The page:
I went to a state school for girls where I completed my A-Levels in chemistry, physics, maths and further maths. I then went on to study chemical engineering at Imperial College, London.
I loved my degree as chemical engineering is quite a broad subject area which can open up many career paths. For example, people in my class went on to jobs in the banking, manufacturing and oil and gas sectors. I also found studying engineering interesting, as it is quite a varied skillset that you are required to develop. There is scientific theory to learn, but a lot of the focus is on teaching you about problem solving skills and report writing skills which are very transferable to most career paths. I really enjoyed my degree and would definitely recommend it to others.
I’m a process engineer at BP, working within the central global projects organisation (GPO) engineering team for the alarm management task force. This role is targeted at managing start-up vulnerabilities for GPO’s 2017 start-ups and beyond; particularly addressing alarm management performance which has been a significant vulnerability on some of our previous start-ups in GPO.
Throughout my time at BP I have been grateful to experience a broad range of activities from different areas of the business. From experience of design and Project Management on Shah Deniz 2 to understanding the issues that arise on operating assets like Magnus and ETAP has enabled me to learn lessons that I would apply in future roles.
The highlight of my time at BP so far has to be my secondment to the summer Olympics in 2012, where I was a transport workforce team leader. I was based in the site in Russell Square which was the “transport hub.” We had to transport all of the different media crews that were covering the games to the venues. The workforce was mainly a group of volunteers. It was a great experience and a unique opportunity to interact with a diverse range of people, all motivated to be working at such a spectacular event.
I would say that my biggest challenge has been working on the Shah Deniz 2 project as it is such a complex project. It involves many challenges that come with deep water and high pressures. The project had to develop an isolation strategy to enable interventions on certain pieces of subsea equipment that may fail. As an early role in my career, having to document a study on how a high-pressure boundary isolation would be managed, whilst minimising risk during pigging activities, was a unique challenge! As part of project feedback to BP, this strategy was feedback through the learning system to inform any refresh of the isolation standards in BP. Thereby, future projects would have guidelines when they encountered similar problems in the future.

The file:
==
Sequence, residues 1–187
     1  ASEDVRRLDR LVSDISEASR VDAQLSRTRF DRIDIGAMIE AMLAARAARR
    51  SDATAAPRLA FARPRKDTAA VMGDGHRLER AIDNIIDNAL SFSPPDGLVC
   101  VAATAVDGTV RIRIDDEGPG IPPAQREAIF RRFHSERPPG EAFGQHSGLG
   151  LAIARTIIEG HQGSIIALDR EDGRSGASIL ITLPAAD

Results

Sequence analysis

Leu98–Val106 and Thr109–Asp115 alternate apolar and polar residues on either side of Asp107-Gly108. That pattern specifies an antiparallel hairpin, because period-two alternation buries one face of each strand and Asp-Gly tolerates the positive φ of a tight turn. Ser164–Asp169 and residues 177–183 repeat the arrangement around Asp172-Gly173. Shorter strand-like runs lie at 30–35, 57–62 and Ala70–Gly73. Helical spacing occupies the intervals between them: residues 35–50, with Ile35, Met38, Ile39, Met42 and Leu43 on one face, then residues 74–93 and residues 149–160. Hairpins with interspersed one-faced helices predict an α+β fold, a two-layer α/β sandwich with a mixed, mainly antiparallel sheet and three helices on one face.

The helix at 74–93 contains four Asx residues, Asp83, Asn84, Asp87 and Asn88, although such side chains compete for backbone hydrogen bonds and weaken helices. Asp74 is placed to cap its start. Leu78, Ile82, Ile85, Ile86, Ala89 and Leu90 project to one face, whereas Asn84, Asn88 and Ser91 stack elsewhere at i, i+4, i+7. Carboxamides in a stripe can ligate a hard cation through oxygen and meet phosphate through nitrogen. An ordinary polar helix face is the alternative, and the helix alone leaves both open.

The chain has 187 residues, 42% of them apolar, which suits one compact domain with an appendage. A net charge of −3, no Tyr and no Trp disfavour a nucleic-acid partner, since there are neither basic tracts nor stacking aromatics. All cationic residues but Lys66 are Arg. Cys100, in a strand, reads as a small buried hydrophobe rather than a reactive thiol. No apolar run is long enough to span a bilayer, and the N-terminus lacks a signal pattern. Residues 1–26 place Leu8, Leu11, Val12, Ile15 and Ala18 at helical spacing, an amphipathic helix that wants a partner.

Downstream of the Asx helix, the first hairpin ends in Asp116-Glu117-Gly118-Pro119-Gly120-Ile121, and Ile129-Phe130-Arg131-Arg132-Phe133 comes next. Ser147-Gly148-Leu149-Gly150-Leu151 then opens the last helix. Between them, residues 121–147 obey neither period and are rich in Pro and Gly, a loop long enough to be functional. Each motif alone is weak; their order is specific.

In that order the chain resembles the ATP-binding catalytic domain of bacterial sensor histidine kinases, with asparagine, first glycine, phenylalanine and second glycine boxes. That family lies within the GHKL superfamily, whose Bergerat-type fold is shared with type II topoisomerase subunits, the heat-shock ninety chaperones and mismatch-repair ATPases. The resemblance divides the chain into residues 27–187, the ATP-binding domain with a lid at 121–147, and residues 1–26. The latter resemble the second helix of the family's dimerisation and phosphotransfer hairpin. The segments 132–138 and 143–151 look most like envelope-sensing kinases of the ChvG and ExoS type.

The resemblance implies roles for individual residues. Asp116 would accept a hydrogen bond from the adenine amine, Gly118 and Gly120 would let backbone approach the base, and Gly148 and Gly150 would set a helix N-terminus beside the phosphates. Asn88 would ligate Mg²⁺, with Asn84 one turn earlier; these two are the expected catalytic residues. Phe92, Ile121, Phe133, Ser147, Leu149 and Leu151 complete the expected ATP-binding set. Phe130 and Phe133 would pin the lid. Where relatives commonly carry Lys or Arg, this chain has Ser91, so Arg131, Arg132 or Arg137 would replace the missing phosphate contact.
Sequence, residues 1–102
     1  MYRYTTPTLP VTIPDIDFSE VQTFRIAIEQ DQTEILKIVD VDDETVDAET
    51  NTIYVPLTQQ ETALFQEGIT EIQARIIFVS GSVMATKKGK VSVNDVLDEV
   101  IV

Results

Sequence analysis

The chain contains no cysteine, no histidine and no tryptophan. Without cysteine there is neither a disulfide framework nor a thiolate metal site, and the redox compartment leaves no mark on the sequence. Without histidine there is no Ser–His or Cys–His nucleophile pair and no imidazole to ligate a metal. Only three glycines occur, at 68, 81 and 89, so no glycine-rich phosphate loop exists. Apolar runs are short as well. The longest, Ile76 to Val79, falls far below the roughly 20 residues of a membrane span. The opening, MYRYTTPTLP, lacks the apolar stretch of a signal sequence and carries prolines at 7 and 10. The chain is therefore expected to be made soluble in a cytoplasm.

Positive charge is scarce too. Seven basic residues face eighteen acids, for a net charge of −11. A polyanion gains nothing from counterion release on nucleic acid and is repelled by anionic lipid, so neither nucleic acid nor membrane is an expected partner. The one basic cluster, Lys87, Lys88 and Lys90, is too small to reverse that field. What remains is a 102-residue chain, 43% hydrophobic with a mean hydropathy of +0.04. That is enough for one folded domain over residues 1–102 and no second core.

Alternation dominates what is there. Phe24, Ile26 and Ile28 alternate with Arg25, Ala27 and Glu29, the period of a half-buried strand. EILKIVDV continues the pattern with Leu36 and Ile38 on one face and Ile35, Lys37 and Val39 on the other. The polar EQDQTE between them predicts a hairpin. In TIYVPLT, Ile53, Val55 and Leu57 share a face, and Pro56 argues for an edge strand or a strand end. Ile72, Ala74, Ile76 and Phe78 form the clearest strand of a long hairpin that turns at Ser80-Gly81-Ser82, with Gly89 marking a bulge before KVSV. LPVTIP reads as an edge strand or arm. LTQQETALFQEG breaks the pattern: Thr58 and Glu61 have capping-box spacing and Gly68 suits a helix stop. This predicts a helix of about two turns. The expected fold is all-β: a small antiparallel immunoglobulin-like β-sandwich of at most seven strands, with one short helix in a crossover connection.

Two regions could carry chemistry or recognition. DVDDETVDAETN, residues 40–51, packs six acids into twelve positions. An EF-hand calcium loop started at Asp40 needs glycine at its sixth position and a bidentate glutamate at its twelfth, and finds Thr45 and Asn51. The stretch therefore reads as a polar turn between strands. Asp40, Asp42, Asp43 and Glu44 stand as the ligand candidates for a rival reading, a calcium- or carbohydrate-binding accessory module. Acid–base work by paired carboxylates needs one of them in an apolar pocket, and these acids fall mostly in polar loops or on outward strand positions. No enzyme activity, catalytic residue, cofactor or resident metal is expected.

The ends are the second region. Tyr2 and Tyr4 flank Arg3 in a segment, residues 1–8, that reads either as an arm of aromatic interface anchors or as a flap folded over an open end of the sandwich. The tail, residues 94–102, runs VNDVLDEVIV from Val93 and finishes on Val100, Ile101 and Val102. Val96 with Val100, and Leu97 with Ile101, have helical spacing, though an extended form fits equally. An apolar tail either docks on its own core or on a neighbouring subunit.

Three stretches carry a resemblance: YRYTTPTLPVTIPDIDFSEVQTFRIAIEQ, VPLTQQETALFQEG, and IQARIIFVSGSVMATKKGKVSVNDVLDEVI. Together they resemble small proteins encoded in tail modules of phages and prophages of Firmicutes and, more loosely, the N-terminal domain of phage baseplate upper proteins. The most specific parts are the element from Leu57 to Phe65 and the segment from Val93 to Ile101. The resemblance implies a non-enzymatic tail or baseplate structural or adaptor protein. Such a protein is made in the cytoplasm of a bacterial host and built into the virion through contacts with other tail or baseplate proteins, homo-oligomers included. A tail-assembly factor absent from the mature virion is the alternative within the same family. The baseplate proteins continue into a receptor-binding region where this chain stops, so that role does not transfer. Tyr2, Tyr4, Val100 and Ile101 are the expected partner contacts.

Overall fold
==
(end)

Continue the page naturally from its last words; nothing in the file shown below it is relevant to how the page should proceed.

In order to be effective in a professional working environment, it’s important to interact with a wide range of people and to maintain a healthy relationship with people in your team and the wider company. Developing presentation skills is also something that is very important to communicate ideas and generally comes up as a task in an assessment centre. When starting work, the people around you are always going to be more experienced, but realising that you learn the most by interacting with them and making that effort to engage can be very valuable. BP and other companies are looking for those people who are intellectual but who can also communicate.
Doing an internship can also help. It gives you that additional credibility of some ‘real’ experience and can give your application form more diversity than others. My interviewer at BP used to work at the company I had previously interned at, so we had that added topic to talk about and break the ice! In an interview, they are looking for people who can think logically about scenarios. So it’s beneficial to take your time to consider options and apply a logical chain of thought; cramming from a text book on the day of the interview may not be the best approach!